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Heavy Hitter : Lockheed-Martin Union Creates Biggest Pentagon Contractor

TIMES STAFF WRITER

The nation’s biggest defense contractor was formed Wednesday as Lockheed Corp. and Martin Marietta Corp. completed their historic $10-billion merger, setting the stage for another wave of layoffs in the shrinking U.S. aerospace industry.

Lockheed Martin Corp. was created after shareholders for both companies overwhelmingly approved the deal at separate meetings in Chicago. The new company has 170,000 workers, annual sales exceeding $22 billion and plants or offices in all 50 states.

The marriage, announced in August, is the most dramatic example of the industry’s rush to merge and economize as a way to deal with the drop in defense spending. It also symbolizes how the manufacture of U.S. weapons is now largely in the hands of only a few giant firms.

The merger also reflects Southern California’s dwindling role as a mainstay of the U.S. aerospace industrial complex. Lockheed Martin chose Martin Marietta’s home of Bethesda, Md., for its headquarters, formally ending Lockheed’s long domicile in the San Fernando Valley.

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For more than 50 years, Lockheed built thousands of airplanes in Burbank, employing up to 90,000 people there during World War II. But it has gradually shifted most of that work to Georgia and other sites, though its famed secret “Skunk Works” airplane-design group remains in Palmdale with 3,800 workers.

In surpassing McDonnell Douglas Corp. as the biggest U.S. arms maker, Lockheed Martin makes military aircraft, missiles, launch rockets and other spacecraft, and a panoply of defense electronics. Its products include the F-16 and F-117A fighters, Titan launch rockets and Trident missiles.

Indeed, some competitors argued that a merger of Lockheed and Martin might violate antitrust laws by strangling competition in some areas, such as spacecraft production. But the Pentagon and the Federal Trade Commission cleared the merger without requiring any major sales of assets.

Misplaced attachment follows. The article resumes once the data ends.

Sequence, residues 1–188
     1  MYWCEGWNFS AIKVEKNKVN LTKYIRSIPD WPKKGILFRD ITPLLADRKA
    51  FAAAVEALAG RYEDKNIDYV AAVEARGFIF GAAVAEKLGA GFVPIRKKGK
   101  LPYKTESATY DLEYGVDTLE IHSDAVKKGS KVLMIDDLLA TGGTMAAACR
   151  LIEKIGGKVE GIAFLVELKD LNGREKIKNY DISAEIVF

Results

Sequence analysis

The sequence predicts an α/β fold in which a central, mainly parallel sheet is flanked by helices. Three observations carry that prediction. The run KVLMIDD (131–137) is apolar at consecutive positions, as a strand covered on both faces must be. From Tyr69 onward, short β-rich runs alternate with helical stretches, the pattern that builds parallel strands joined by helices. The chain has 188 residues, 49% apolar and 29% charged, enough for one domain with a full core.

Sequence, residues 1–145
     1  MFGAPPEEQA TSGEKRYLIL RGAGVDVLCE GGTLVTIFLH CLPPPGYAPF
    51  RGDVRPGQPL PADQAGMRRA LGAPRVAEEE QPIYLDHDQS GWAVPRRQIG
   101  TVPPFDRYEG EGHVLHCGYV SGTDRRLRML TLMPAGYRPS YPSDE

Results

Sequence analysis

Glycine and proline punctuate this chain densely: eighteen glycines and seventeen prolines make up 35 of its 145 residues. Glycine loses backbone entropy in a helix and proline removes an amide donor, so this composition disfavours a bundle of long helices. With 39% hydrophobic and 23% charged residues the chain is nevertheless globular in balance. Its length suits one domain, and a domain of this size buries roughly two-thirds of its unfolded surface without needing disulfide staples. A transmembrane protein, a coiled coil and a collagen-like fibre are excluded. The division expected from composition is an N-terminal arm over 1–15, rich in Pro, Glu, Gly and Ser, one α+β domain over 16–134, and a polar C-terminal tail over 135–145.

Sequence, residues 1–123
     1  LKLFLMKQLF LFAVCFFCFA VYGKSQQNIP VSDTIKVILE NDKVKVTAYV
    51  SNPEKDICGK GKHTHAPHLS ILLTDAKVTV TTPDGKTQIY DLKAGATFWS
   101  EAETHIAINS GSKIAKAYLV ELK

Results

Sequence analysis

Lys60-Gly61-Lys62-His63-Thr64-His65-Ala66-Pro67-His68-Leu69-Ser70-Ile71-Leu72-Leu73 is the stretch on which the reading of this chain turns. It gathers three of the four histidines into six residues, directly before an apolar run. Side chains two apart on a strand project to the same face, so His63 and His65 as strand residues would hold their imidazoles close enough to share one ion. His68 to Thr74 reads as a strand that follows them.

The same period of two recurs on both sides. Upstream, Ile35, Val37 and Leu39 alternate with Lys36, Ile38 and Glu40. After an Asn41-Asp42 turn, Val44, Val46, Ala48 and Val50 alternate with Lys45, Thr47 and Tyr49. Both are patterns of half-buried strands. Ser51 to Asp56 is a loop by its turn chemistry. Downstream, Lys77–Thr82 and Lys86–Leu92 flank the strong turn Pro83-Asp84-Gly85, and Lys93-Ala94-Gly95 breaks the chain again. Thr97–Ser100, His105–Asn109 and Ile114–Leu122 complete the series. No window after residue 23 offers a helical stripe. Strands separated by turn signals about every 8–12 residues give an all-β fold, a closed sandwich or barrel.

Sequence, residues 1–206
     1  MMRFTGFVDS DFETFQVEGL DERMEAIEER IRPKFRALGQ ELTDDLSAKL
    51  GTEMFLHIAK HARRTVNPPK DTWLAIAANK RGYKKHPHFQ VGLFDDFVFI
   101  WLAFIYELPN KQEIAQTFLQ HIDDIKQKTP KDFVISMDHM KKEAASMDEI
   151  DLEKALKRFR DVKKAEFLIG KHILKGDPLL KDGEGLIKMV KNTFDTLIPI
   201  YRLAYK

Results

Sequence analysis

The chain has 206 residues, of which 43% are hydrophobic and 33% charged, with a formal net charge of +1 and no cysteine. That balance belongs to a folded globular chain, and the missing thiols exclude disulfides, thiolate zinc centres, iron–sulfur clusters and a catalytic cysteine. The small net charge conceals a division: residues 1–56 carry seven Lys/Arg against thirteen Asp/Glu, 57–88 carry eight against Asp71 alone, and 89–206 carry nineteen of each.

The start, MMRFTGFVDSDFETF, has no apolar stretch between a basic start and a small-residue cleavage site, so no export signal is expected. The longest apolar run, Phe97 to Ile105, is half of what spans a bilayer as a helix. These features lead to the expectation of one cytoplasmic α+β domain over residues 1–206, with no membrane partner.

“Starting this afternoon, we’re one new company,” Norman R. Augustine, president of Lockheed Martin and former chief executive of Martin Marietta, told a news conference in Chicago. “I, for one, can’t wait to go to work.”

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But many others are likely to soon be out of work, because of cuts in Pentagon spending and Lockheed Martin’s plans to eliminate overlapping operations. “Clearly there will be some downsizing,” Augustine said.

He and Daniel M. Tellep, Lockheed Martin’s chairman and former chairman of Lockheed Corp., said they do not yet know how many jobs will be lost but that specific figures should be available by June 30.

The layoffs have already started. About 100 of the 250 employees at Lockheed’s former Calabasas headquarters have been given layoff notices. Some of the remaining workers are moving to Bethesda, and about 45 will remain in Southern California but will eventually be moved to a smaller office, a spokeswoman said.